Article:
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When you're struggling with debt, and you've had enough, your instinct is likely going to be to take drastic action. You are done being in debt. You want to start the process of getting your finances together, today, right now.
If you're drowning in credit card debt, you're not alone: most U.S. households carry at least $3,946 or more in credit card debt at a time. Source: ValuePenguin
Wanting to move forward while fired up is understandable. However, it's not exactly advisable. Coming up with a strategy for getting out of debt is a long-term game of patience and discipline. You need to carefully weigh your options and come up with the best, most realistic method for sorting out your finances. If you're looking for instant gratification and a quick fix, you're probably going to face a burnout.
That goes double when it comes to debt consolidation. With debt consolidation, you're usually considering the prospect of actually borrowing more money and going into more debt just to get on top of your current debts. It's not a decision you should take lightly.
Therefore, if you're considering pursuing debt consolidation, take a breath and ask yourself the following questions.
Do I really understand credit card debt consolidation?
On paper, debt consolidation seems easy to understand. Through some financial means, you take all of your qualifying debt payments and combine them into a single payment. In the best-case scenario, this payment is significantly lower than the payments you were making before, and it accrues less interest over time, making it a wise financial decision.
However, if debt consolidation is that easy and that beneficial, why aren't more people doing it? There's a lot more to it than just consolidating payments and saving money.
For one thing, the method that you use to consolidate your debt makes a huge difference. Most people think of debt consolidation loans when they think of debt consolidation. In these cases, you work with a lender to get a personal loan large enough to pay off all your debts at once. You then concentrate on paying down that loan over a fixed period.
The hard part is qualifying for a loan with decent rates. Individuals who are in large amounts of debt often also have bad credit scores, which can make it hard to qualify for an acceptable loan.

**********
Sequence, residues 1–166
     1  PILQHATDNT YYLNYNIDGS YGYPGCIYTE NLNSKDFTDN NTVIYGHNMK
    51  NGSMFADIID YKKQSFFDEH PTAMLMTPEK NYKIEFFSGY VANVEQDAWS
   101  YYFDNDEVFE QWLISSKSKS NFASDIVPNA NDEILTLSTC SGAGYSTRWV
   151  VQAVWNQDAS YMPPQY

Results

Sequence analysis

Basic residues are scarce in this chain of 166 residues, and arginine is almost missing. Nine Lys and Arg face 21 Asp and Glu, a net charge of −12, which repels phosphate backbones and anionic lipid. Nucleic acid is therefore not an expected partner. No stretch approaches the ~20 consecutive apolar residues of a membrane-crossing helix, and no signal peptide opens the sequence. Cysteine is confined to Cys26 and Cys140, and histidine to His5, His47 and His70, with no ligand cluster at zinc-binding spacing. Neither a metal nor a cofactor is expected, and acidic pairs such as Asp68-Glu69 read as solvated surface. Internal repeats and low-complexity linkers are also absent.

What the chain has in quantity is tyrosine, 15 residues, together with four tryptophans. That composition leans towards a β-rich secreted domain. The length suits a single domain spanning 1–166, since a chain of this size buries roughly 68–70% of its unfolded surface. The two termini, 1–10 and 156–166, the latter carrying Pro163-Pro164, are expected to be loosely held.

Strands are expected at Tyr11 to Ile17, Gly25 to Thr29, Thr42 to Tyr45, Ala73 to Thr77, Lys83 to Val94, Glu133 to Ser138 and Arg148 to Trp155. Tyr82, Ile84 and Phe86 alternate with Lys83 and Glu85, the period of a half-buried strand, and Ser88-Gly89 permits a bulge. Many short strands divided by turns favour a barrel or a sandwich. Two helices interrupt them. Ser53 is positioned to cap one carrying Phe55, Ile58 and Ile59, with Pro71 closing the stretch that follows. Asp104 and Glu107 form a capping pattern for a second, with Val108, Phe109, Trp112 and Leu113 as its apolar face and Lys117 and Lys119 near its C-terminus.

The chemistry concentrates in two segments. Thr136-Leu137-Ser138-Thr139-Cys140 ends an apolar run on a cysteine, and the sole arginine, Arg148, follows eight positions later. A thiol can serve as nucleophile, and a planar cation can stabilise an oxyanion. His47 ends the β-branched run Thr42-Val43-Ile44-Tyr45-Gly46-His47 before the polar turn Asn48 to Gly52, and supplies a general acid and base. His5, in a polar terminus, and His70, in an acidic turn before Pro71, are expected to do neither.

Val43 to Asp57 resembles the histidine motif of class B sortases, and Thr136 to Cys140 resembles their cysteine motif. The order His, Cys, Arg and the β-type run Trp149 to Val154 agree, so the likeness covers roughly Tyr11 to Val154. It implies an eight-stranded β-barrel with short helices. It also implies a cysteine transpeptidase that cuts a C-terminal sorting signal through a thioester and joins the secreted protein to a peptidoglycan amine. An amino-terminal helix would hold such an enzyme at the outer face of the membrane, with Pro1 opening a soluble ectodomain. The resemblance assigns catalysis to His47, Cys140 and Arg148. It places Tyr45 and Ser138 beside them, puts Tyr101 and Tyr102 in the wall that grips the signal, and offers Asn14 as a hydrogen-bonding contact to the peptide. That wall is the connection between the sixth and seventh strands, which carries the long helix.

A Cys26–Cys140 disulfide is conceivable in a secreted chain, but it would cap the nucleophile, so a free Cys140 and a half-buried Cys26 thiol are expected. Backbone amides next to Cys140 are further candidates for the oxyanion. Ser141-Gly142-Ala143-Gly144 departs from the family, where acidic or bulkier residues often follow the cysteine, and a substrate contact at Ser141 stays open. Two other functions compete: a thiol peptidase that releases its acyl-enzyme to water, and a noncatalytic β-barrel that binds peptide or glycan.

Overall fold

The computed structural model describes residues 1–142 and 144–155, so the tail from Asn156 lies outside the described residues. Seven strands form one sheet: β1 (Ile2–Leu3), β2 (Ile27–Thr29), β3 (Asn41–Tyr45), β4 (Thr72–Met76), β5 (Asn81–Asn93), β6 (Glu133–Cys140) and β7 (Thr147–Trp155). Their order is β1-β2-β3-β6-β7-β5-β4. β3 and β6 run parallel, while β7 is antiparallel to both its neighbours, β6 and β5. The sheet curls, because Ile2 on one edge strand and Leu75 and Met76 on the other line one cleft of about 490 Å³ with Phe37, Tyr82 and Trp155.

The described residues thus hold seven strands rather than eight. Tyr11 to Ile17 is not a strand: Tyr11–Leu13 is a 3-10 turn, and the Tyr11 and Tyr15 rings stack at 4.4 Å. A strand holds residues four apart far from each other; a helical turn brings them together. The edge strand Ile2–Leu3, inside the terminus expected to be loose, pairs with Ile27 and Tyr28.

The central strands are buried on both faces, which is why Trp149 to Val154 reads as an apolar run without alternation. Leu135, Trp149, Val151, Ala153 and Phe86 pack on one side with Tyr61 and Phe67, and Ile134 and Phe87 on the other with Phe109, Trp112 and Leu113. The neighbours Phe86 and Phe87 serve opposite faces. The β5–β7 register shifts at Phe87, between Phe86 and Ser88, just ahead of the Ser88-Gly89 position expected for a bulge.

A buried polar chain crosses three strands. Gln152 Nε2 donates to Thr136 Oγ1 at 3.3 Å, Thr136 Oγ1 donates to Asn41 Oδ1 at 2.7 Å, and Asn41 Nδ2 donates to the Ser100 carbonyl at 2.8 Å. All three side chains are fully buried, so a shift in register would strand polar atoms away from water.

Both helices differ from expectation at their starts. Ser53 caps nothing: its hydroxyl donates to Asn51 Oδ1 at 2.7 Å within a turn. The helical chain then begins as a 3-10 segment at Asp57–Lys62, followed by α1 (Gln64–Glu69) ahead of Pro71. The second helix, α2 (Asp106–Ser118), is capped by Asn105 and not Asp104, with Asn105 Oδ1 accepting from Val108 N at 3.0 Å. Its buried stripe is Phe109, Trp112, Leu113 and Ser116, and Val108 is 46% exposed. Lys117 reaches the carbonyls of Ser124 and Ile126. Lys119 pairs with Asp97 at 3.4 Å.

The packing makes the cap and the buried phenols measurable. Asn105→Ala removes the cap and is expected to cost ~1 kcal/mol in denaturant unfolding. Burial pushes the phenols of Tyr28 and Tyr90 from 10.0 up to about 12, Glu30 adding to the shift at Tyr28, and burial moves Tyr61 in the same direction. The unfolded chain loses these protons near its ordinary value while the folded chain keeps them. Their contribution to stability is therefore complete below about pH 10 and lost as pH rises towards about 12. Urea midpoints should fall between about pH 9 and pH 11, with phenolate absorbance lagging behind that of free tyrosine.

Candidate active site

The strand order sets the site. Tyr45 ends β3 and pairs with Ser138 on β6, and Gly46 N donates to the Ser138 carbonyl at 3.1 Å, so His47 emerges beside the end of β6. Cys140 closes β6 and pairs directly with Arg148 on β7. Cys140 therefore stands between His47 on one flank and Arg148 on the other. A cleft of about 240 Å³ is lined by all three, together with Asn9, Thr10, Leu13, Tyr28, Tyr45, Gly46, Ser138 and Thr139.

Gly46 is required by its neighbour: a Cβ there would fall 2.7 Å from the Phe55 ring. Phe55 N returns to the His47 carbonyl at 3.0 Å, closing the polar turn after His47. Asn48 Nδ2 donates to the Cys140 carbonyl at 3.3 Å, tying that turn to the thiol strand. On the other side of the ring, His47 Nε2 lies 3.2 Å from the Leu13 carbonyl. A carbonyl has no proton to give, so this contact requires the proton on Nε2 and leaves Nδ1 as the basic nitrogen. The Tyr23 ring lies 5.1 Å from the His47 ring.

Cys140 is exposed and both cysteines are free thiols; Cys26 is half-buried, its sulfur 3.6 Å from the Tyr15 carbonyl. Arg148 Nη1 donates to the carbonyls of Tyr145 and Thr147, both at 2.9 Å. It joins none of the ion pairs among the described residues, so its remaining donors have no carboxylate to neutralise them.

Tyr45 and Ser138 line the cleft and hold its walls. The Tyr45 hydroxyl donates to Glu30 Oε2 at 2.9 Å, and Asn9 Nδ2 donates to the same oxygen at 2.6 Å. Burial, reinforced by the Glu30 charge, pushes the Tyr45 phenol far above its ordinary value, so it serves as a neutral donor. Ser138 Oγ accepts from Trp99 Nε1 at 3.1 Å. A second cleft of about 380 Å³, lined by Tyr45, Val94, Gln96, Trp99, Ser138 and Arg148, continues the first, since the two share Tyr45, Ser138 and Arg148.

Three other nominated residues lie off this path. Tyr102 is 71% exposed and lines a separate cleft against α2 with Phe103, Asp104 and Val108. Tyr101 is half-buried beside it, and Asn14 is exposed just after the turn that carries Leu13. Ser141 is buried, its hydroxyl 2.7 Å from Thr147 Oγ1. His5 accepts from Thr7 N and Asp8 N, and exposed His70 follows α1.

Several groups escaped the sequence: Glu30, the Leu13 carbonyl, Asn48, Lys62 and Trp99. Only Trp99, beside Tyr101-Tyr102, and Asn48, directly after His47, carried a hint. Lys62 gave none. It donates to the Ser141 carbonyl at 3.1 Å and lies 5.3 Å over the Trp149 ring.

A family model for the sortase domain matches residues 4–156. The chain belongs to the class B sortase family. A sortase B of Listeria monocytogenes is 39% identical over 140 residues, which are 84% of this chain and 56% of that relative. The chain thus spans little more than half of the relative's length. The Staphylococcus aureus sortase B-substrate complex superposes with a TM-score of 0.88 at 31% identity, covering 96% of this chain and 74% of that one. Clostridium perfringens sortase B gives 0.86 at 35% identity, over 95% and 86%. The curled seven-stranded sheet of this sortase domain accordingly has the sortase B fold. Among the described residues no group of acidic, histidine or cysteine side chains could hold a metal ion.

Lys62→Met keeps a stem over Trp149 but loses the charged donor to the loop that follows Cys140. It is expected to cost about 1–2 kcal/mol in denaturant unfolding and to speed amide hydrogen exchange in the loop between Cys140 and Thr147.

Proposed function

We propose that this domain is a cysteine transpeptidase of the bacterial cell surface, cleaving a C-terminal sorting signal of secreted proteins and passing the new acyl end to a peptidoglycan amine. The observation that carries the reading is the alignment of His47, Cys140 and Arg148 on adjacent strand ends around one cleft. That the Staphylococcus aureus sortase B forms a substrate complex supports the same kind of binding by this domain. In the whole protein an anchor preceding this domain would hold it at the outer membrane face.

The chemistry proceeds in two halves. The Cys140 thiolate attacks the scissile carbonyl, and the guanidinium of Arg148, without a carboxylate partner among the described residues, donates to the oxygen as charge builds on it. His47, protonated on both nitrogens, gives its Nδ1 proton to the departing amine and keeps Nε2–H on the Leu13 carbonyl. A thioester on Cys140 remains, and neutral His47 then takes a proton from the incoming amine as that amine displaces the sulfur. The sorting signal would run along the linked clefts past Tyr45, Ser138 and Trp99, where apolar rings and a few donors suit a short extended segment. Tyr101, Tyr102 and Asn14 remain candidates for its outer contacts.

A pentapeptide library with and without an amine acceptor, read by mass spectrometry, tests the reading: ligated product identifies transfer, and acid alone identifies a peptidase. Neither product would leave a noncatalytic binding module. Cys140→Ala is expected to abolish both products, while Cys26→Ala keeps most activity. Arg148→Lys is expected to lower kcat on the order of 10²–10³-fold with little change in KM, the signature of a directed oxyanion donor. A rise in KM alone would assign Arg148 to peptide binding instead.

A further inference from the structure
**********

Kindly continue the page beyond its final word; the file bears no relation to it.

Balance transfer credit cards also qualify as debt consolidation. With a balance transfer credit card, you apply for a card with a 0% introductory APR and a large enough limit to pay off all your other credit cards at once. You use that card to pay down the other cards and then concentrate on paying that new card down as quickly as possible, ideally before that 0% introductory offer expires and you have to pay interest on your debt again.
The big risk with balance transfer credit cards is, of course, that you then have a credit card. Once you start to pay it off, you all of a sudden have a ton of credit available that isn't going to accrue interest for a while. It can be difficult to resist the temptation to use the credit card, and using it for purchases will only put you more into debt and make it even harder to pay the card off before the introductory APR offer expires.
Other forms of debt relief also share some features of debt consolidation, even though they aren't really debt consolidation. Some debt settlement programs, for instance, ask you to pay a single payment each month into a savings account, which the debt relief company then uses to pay your creditors, in the hope that they agree to a settlement. This isn't traditional debt consolidation, but it shares the most attractive feature of debt consolidation for most people: a single, lower monthly payment that makes your finances easier to manage.
Can I change my spending habits?